Do not sign anything without your lawyer reviewing the documents. Oh, and that includes sending via email.


Period.
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Old Yesterday, 09:42 AM
Status: "Online" (set 1 day ago)
 
7 posts, read 1,053 times
Reputation: 20
Quote:
Originally Posted by markjames68 View Post
If he/she is a good one, yes. They will look through a contract and point out any gotchas. What they wonít do is an inspection of the property, the neighborhood, the state of the co-opís finances, etc.
Quote:
Originally Posted by jackmichigan View Post
At this point, yes--as long as they're looking out for your interests and not just doing paperwork.
Quote:
Originally Posted by leaving queens View Post
New York's real estate market is somewhat unique; you might want to post in the NYC forum for more answers. But you should be fine with just your lawyer, assuming she or he is a good one. I didn't have my own agent when I purchased a co-op in Astoria, and at the time most of the other buyers I knew weren't using their own agents either. When I sold the place a few years ago only two or three of the people who came to look at it were working with their own agents.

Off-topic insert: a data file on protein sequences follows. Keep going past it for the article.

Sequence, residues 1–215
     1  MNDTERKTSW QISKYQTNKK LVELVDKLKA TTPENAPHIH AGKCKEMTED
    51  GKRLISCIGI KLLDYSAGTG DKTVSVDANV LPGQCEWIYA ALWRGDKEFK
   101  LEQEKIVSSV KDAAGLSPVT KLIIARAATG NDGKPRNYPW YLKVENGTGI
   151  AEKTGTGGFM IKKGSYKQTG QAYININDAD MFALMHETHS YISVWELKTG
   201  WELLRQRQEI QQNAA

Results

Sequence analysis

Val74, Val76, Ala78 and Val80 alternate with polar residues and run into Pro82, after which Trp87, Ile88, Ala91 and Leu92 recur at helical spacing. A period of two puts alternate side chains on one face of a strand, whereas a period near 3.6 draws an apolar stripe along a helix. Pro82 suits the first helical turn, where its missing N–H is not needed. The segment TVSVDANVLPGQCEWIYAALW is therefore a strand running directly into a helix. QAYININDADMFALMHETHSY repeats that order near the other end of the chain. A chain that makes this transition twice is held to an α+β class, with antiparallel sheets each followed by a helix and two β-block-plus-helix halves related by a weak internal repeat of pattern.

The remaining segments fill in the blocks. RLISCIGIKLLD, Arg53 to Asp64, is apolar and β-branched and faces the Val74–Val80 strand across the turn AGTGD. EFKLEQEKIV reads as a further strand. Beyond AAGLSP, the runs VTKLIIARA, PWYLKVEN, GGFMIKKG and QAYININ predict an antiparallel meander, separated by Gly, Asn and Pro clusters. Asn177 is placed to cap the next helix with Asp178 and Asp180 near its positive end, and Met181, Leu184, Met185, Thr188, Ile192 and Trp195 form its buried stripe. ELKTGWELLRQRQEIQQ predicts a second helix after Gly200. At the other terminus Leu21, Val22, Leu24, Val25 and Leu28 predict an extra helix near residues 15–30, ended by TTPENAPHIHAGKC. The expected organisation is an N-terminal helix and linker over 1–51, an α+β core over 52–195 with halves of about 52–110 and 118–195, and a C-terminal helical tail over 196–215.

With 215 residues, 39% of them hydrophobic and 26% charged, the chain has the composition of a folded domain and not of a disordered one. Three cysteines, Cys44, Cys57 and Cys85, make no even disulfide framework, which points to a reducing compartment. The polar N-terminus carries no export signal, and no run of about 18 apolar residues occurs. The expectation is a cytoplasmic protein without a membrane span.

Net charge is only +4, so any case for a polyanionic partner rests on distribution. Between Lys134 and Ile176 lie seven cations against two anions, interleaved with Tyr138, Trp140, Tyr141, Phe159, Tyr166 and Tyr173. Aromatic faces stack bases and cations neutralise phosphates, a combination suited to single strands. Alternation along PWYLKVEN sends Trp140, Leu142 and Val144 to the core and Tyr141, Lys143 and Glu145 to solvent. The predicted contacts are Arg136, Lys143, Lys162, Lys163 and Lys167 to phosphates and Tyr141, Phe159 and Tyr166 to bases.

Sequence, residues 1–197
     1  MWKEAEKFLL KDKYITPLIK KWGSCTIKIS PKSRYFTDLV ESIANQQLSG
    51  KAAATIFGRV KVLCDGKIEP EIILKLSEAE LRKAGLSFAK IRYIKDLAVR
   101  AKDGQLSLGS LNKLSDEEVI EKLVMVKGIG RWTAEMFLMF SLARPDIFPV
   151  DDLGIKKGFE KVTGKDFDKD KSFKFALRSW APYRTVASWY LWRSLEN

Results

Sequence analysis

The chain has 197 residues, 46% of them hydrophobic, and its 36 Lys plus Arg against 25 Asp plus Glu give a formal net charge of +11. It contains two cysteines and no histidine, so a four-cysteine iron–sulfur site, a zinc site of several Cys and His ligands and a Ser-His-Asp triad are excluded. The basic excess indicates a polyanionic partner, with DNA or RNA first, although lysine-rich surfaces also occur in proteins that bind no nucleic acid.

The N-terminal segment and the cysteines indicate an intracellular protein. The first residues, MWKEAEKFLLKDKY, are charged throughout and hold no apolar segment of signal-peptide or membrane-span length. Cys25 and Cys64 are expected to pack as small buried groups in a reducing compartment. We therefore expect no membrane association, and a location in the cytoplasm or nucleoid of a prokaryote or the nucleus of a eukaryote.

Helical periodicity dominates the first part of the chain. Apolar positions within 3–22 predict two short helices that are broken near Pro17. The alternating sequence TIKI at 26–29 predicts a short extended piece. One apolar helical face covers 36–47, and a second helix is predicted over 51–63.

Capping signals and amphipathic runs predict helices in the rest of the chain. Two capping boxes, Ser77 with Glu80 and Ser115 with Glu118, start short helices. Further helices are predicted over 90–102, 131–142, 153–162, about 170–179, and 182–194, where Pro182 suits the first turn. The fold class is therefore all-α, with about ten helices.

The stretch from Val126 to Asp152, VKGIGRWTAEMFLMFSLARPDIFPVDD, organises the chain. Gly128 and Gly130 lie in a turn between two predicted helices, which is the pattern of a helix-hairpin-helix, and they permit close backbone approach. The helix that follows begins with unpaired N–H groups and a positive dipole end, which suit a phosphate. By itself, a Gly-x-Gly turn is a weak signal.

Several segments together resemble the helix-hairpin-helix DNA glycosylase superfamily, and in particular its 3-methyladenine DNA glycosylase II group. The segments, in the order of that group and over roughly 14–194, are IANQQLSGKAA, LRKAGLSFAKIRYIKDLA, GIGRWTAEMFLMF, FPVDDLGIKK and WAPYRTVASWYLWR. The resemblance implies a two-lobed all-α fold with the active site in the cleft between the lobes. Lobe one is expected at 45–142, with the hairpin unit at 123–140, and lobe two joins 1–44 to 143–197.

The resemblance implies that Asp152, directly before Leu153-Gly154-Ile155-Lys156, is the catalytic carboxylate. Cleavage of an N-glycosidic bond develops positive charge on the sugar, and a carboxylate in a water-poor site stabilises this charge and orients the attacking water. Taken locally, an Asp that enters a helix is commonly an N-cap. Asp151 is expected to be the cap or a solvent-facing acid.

Your lawyer should be looking closely at the contract and all of the building's documents and will let you know if there's anything to look out for. The most important role an agent would play at this point is helping with the preparation of your board package, but in my experience a good seller's agent will work with you on that as they don't get paid if you don't get approved by the board.